I received a question in response to last week’s post on Customer Discovery Surveys.

@TheDLu What’s your thought on split of digital vs verbal? There’s a LOT of value in in-person, but difficult to scale
— David Vandegrift (@DavidVandegrift) July 3, 2015

Fantastic question. My response:


@DavidVandegrift Great question! One I should tackle the next post, but in short, I’d say, “It depends”. #consultantAnswer. It’s about…

— Daryl Lu (@TheDLu) July 3, 2015

Digital surveys (SurveyMonkey, Google Apps, etc.) can be easily scaled and sent to a wide-range of audiences. Whereas, verbal surveys can be time intensive and expensive to scale – scheduling, logistics, etc.


As Don Pottinger, CTO of Kevy, points out, however: “[actual] conversations tend to go unexpected places and reap unexpected insights…something that is harder to do [with] digital.”

Assuming you get in front of the audience, thoughts on digital vs. verbal:

  • Depends on Phase of Customer Discovery. At the beginning, verbal is the quickest way to test and modify an initial hypothesis. As the pain-point and solutions become clearer, you may switch to digital for scale. Then, switching back to heavier verbal during solution build.
  • Consider who you are asking and your relationship. Do you know the audience or have the clout to motivate someone to take a digital survey? Or would verbal develop the relationship to get results? 
  • What’s the value of your offering? The higher the price of your offering, the more critical and appropriate it is for verbal communication. This is simply as sales cycles can be lengthy; thus, more involvement is required to foster trust and development.
Surveys are great direction tools, but not the end-all be-all. Mike Bivone (currently of Juice Analytics) recalls from his startups, “people often tell you one thing but behave completely differently.” At Body Boss, we built features given input from coaches that they would buy if said features were built. However, when we did build those features, coaches didn’t buy. Instead, we should have built lightweight versions and tested with prospects before full development.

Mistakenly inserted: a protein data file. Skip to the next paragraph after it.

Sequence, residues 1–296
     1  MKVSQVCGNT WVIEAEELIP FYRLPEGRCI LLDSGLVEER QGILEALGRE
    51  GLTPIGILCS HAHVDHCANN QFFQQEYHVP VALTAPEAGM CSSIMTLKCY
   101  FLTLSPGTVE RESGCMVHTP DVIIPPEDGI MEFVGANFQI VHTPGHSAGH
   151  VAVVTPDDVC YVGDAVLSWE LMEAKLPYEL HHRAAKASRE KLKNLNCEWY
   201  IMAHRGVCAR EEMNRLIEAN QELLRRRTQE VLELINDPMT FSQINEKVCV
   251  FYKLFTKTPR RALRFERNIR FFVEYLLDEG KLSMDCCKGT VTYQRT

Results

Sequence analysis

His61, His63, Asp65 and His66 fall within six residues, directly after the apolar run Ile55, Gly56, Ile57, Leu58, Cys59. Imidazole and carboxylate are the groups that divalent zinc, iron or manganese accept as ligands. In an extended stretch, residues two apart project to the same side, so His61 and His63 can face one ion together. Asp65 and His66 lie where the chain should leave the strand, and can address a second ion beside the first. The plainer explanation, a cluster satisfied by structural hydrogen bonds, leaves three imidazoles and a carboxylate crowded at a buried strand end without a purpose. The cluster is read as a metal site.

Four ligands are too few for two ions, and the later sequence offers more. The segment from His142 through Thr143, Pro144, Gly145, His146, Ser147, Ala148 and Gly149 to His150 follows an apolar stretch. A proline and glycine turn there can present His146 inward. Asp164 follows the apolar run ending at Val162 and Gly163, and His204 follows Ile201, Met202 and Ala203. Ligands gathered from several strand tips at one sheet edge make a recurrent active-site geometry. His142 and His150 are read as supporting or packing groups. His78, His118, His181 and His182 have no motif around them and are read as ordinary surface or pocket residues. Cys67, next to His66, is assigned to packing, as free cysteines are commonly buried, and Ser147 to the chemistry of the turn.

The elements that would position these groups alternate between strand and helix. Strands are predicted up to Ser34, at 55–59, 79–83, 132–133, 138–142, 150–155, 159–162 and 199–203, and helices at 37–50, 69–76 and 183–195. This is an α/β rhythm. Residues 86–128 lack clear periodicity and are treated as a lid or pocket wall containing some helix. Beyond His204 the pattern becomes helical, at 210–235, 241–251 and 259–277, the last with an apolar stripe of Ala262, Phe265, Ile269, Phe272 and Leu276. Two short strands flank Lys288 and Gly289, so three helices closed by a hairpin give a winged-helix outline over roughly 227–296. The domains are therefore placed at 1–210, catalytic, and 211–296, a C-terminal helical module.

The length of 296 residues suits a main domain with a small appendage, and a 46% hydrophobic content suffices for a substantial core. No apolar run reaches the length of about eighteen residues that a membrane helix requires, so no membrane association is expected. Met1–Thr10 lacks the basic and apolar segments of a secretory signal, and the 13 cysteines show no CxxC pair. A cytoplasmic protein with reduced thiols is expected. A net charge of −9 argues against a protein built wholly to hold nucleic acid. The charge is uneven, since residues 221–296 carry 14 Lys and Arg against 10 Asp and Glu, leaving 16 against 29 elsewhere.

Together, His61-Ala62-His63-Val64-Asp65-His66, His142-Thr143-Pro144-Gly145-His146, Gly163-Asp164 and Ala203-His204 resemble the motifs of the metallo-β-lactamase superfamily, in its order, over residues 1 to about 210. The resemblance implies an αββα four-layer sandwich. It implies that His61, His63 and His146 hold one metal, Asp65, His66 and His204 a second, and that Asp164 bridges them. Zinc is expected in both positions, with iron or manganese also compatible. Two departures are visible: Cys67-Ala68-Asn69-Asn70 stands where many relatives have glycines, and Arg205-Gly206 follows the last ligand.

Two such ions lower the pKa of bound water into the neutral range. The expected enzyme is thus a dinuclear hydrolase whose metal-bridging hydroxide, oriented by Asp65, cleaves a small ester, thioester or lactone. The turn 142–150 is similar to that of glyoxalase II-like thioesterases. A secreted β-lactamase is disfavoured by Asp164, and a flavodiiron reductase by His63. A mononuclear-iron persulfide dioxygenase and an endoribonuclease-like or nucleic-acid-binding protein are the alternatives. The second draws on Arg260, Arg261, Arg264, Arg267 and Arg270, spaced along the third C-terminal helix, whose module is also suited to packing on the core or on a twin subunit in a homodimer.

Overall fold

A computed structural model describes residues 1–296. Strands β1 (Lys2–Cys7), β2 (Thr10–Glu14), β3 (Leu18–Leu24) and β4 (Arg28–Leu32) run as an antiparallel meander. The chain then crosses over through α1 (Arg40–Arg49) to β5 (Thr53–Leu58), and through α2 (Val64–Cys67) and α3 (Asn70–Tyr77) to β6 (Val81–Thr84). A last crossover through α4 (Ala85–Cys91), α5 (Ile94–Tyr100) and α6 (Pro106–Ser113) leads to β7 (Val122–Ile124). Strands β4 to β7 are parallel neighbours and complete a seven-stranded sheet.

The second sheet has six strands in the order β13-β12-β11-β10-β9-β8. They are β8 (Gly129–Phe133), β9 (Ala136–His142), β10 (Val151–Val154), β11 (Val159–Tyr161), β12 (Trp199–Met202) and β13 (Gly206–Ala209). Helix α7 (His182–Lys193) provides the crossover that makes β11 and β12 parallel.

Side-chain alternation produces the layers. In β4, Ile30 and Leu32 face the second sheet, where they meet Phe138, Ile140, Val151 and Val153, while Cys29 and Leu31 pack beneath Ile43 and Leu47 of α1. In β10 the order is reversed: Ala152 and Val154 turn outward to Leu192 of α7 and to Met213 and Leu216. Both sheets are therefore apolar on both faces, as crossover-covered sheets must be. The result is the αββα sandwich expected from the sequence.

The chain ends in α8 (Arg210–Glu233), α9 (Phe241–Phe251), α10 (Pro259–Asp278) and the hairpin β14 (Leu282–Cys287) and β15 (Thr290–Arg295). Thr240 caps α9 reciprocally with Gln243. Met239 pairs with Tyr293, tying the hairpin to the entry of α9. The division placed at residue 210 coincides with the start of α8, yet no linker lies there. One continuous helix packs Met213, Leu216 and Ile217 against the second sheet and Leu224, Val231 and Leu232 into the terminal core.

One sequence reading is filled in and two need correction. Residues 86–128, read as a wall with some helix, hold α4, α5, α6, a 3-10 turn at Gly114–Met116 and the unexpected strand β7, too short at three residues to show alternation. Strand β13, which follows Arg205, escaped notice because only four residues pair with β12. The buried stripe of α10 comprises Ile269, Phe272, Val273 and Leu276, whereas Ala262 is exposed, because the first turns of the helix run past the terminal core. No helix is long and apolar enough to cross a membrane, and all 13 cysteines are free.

Customer Surveys are another directional tool in your arsenal, but you never know till you make moves.


How do you mix verbal and digital customer discovery surveys? What are some tools and methods you’ve used to do customer discovery? How much do you trust survey results?

When I do customer discovery with surveys, I cover a wide range of topics. Oftentimes, I don’t have the luxury of going back to survey respondents. However, even with many objectives, I must be concise lest respondents abandon the survey.
Some objectives and flow of a survey:
  1. #1 objective: test hypotheses/ idea. Be focused on the idea and how ancillary questions are related. Don’t bake into the survey multiple ideas.
  2. Know the customer or find out who they are. If I don’t have background info of the respondents available, I ask about their backgrounds (occupation, responsibilities, etc.).
  3. Understand the customer –> plan the product roadmap.At the beginning, I don’t say anything about the idea. Instead, I broadly ask for the respondent’s processes and pain points. If the initial hypothesis is false, then the user may share the real problem (first pivot!). I progressively get more specific to the pain point.
  4. Any existing solutions today? That is, are respondents using a known competitor? Consider including an open-ended option in case it’s not listed. Test for likes/ dislikes.
  5. Introduce the idea and test for responses. Introduce the idea in a short description, then ask whether the respondent would use the product or service. Also, consider asking how much she would pay for a service as described to gauge price tolerance/ value opportunity.
  6. Understand the marketing logistics. How can I reach my audience? Are there key mediums they absorb information (blogs, magazines, etc.). The toughest part of startups is acquiring customers, so understanding ways to reach them effectively can be gold. I also ask about device usage to understand the technology stack (i.e. prioritization of builds).
  7. Thanks! Can we keep in touch? I always thank the respondent, and ask for contact info to keep in-the-know.
What are some questions that have been gold for your surveys? How would you build a strong customer discovery survey?